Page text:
I don’t have an economics degree (that’s Travis), but anybody would agree that tickets to certain games are in higher demand than others. Obviously, you have your Super Bowl or Final Four tickets, but what about individual games during the season for your favorite franchise?
What happens when Greg Oden isn't there to justify the Portland price hike? (Credit: RM)
It’s arguable that NBA fans would pay more to see LeBron James rather than Antoine Walker, but this week has brought a new test to the theory.
For season ticket holders of the San Antonio Spurs, individual game tickets went on sale this week and there was a noticeable bump on the prices of some games. Fans with the option to buy now are reporting the season-opener against Portland, as well as games against conference rival Phoenix and intra-state rivals Dallas and Houston are higher than most other games.
A supposed Spurs season-ticket holder said prices were increasing about 50-100 percent for the aforementioned games. That’s interesting.
A look at the seating chart and pricing (warning: PDF) for the AT&T Center reads "Tiered pricing will be in effect for select games."
I believe people will pay more for better games with arguably better players. The initial reaction around the Spurs message boards when Thursday’s news of the injury to Greg Oden and the ticket pricing was discovered was that the price for the Trail Blazers game might drop. That’s not going to happen considering it’s also expected to be the night when the Spurs receive their championship rings.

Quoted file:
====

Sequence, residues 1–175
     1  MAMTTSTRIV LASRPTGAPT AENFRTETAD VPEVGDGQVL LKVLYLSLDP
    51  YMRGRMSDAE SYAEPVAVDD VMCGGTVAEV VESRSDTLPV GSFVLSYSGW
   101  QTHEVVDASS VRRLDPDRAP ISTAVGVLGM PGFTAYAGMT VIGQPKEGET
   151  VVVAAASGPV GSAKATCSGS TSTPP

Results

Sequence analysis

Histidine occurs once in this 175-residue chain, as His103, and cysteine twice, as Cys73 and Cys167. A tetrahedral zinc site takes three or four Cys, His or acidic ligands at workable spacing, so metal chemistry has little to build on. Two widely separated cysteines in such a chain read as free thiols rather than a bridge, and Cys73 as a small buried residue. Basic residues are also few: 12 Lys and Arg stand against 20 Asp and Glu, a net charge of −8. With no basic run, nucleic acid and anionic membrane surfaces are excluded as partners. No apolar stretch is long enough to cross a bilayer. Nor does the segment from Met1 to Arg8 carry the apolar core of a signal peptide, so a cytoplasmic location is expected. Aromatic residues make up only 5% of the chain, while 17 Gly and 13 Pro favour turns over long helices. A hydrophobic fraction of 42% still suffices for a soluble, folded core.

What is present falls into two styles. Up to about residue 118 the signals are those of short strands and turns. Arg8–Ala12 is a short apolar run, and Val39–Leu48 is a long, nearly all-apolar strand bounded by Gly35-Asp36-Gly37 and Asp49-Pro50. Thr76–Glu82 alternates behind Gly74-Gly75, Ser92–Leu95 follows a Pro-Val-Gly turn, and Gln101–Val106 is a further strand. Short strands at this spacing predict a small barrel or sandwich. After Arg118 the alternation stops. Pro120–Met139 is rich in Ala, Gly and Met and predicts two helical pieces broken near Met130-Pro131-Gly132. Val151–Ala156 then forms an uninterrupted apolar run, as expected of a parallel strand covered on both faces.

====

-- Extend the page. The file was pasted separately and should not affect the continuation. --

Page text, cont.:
But think for a second if the game were scheduled a week later – would the pricing have to drop some with Oden missing the game? The casual NBA fan might not be so apt to shell out a little more money for the game while a deeper fan would recognize the Blazers have a solid, young core of players in Brandon Roy, LaMarcus Aldridge, Sergio Rodriguez and Raef LaFrentz (okay, you can stop laughing at the last one) that should be very entertaining to watch develop into a championship contender once their man in the middle returns.
What happens if Dirk Nowitzki goes down with an injury a month before Spurs vs. Mavs? Do the Spurs drop prices on tickets and risk an iPhone-like backlash or do they run the risk of not selling out the arena for what would still likely be a nationally-televised game?
The Spurs dealt with an embarrassing ticket situation following the Western Conference Semifinals against Phoenix last season. Following the emotional exhaustion of the victory over the Suns, there was such a quick turnaround – late Friday to midday Sunday/Father’s Day – to the matchup against the Utah Jazz in Game 1 of the Western Conference Finals, that the game didn’t come relatively close to a sellout (officially more than 450, but eyewitness accounts bump that number a little higher).
On the flip side, would teams reduce prices for games that might not sell? Doubtful. First, if your team is successful at bringing in fans at your pre-determined price, why drop the price and lose profits? People are already paying the set price and I don’t see a backlash coming unless your team flat out sucks and ownership fails to try and pour money back into the franchise to rebuild (see: Pirates, Pittsburgh; Lions, Detroit).
But as the NBA has seen its marketing go time and again (and as Scooter has pointed out) with the focus on individuals versus teams, the time when ticket prices rise for a game against a great team with less marketable (for whatever reason) stars will not come soon enough.
Granted, this is nothing new and MLB is approaching record attendance numbers (most on the high side and a few on the low side). The other factors will come into play, too, such as overall ticket pricing, local market economy, total costs of attendance, etc.
So the question finally arises: At what price point will you pay to see your favorite team play against a stellar rival versus one against an also-ran? Would you also demand to pay less for the lesser teams?
Joe is a guest contributor to laissez-faire ball.